Radiation for Advance Prostate Cancer? - Advanced Prostate...

Advanced Prostate Cancer
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Radiation for Advance Prostate Cancer?

carguy
carguy

Hi all, I'm new here...I'm 56 and was diagnosed in February with metastatic PC. My GS was 8-9 for all 12 cores. Cancer spread to lymph nodes, I also have lesions in the T4 and T9 vertebrae and multiple very small lesions in other parts of spine, lumbar and iiliac bone. The tumor in the T4 vertebrae caused a fracture, so I had kyphoplasty last month. I started firmagon two months ago and Zytiga a month ago. My MO and radiologist suggested I now start radiation treatment of the prostate. I am undecided if I

should start the radiation. Is this common practice for advanced

prostate cancer? Radiologist pointed out a recent study

(STAMPEDE, 2018) which showed no benefit for high metastatic burden patients (four or more bone metastases with one or more outside the vertebral bodies or pelvis, or visceral metastases, or both). For low metastatic burden patients (fewer than 3 bone metastases and absence of visceral metastases) there was a benefit and improved overall survival from 73% to 81% at 3 years (not that great). The radiologist said I am low burden, but I think I may be borderline (low/high). I don't want to go through the radiation and possible side effects if it will not provide any benefit. I have an appointment next week to start radiation and leaning towards going through with it. Does anyone have any feedback on this and on possible side effects from radiation?

24 Replies
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I did chemo, HDR Brachy thereapy, and direct beam. Also was on Zytiga and currently on Lupron. Difficult to sort out what did what, but as far as I can tell, the radiation irritated my bladder slightly. I believe radiation was the least of my worries. Putting myself in your shoes, I would opt to follow the doctor's recommendations.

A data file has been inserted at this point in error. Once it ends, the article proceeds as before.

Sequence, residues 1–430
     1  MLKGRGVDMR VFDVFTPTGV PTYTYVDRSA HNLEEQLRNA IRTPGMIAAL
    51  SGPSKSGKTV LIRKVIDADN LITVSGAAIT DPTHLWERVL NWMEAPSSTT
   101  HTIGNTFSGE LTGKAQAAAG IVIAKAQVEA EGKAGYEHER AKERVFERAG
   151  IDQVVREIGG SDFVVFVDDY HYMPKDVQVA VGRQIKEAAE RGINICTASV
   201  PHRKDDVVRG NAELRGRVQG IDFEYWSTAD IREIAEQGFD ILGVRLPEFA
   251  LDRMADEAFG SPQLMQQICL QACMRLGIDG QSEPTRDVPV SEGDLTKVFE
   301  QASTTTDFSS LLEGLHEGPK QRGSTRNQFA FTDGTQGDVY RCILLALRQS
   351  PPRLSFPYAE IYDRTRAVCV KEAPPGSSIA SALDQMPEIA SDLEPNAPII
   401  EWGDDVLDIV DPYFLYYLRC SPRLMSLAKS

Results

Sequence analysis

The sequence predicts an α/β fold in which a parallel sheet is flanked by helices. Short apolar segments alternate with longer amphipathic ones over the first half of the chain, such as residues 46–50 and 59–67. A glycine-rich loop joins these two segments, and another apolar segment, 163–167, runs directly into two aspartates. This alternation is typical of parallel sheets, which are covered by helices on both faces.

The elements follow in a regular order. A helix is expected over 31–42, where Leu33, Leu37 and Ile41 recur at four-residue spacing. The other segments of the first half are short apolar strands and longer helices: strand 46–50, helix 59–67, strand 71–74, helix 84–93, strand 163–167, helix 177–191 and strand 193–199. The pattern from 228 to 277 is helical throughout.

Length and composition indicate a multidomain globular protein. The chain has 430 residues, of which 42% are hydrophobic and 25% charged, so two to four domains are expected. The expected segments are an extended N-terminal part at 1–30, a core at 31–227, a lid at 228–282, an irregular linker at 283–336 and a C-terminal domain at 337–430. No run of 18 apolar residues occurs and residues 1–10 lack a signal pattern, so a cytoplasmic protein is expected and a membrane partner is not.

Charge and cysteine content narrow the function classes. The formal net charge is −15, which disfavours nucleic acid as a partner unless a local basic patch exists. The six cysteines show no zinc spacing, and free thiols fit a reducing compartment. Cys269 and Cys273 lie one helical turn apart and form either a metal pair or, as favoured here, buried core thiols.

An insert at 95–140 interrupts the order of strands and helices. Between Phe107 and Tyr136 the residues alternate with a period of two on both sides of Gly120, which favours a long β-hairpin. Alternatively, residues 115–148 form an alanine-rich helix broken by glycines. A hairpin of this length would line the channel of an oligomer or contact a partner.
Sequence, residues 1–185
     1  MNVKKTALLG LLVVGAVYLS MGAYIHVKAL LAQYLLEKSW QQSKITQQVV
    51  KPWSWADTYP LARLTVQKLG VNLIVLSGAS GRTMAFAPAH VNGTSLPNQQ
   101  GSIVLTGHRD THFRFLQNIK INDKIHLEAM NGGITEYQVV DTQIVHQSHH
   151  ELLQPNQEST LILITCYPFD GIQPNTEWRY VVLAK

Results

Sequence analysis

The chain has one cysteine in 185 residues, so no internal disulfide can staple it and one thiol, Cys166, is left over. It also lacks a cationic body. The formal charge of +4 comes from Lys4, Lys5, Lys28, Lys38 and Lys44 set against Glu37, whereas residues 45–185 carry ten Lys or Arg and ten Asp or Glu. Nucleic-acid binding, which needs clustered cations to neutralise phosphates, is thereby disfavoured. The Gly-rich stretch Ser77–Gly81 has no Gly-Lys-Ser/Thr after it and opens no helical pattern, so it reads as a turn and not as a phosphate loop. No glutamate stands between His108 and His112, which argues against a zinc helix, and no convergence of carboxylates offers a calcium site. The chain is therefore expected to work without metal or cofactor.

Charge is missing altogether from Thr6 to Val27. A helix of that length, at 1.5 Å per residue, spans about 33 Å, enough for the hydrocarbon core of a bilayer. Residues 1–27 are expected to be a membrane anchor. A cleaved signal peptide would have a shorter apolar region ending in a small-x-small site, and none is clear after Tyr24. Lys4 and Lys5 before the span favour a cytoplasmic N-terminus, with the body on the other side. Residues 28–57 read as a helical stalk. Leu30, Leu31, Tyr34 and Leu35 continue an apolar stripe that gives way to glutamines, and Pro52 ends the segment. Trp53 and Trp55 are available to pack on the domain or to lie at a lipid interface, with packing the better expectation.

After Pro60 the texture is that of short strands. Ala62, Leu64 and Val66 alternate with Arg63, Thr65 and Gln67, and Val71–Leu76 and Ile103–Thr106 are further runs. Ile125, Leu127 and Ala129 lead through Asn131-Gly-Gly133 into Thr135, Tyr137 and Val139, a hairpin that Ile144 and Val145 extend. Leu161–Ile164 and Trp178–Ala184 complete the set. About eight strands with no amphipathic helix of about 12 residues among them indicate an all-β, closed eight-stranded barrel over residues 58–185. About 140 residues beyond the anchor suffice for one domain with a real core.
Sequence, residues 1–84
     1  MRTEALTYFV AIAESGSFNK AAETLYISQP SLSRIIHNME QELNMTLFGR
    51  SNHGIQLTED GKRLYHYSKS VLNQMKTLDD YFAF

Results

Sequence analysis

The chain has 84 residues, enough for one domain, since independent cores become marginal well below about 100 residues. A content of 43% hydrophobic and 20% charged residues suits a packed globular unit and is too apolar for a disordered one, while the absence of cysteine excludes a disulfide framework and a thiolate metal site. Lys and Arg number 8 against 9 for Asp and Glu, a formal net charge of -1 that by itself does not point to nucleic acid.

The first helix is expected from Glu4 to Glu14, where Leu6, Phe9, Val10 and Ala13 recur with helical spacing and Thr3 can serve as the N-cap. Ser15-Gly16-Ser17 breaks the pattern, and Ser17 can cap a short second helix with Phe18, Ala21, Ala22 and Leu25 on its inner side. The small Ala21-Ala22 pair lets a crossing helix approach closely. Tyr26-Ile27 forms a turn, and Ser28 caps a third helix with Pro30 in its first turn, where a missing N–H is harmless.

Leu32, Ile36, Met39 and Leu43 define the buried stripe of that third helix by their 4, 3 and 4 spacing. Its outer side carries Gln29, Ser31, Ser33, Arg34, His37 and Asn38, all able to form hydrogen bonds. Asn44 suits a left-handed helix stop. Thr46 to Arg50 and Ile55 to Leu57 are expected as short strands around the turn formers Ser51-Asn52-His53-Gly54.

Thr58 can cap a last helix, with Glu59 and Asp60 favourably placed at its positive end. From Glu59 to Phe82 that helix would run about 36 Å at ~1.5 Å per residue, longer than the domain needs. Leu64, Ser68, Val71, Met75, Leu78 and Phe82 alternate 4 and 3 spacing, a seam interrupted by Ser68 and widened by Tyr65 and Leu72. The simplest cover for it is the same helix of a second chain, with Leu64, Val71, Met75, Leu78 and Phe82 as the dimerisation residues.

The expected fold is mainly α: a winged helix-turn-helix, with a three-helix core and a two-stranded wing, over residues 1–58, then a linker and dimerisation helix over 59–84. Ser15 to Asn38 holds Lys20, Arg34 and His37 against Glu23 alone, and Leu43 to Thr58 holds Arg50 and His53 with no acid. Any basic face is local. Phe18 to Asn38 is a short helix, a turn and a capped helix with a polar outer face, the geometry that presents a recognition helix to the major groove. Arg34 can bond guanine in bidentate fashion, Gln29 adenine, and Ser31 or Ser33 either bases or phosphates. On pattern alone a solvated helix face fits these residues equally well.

carguy
carguy in reply to gleason9guy

Thank you for the response. I'm still trying to decide.

I’m undergoing IMRT to my prostrate for the same reasons you are considering it. I’ve completed week four (out of six) with no appreciable side effects.

carguy
carguy in reply to 6357axbz

Good to know. Thanks for the input!

You wrote " I also have lesions in the T4 and T9 vertebrae and multiple very small lesions in other parts of spine, lumbar and iliac bone" -- so how does your radiologist count that as "fewer than 3"? It wasn't just STAMPEDE, another large randomized clinical trial (HORRAD) also found no benefit.

pcnrv.blogspot.com/2018/09/...

However, it is possible that with whole pelvic radiation, and higher dose radiation, as with brachy boost therapy, and SBRT to the remaining bone mets, there might be a survival increase. This possibility is being explored in some clinical trials.

carguy
carguy in reply to Tall_Allen

Thank you for the information on the HORRAD trial. The multiple other lesions were so small, they weren't included (according to the doctor). That is why I think I'm a borderline case.

Has anyone ended up with leg lymphedema from radiation to pelvic area?

Rare. Usually from ePLND or radiation after ePLND.

It's not the size, it's the number.

carguy
carguy in reply to Tall_Allen

Maybe so. I just read in the STAMPEDE report: "Patients with low metastatic burden disease, according to the CHAARTED definition, may have unlimited number of metastases provided they are confined to the lymph nodes and the axial skeleton."

I suggest that to get the full reasoning, discuss this with your RO and MO. If they are true PCa pros, then they will have a readily available reason.

GD

carguy
carguy in reply to gourd_dancer

GD, thank you. Very good suggestion.

Don’t know who is scaring you off radiation therapy but it is a no brained. I went through with 10 other guys with various stages of the disease and only one guy had a bout diarrhea in the last week of 39 rounds. If they say it will help go for it.

carguy
carguy in reply to carlo8686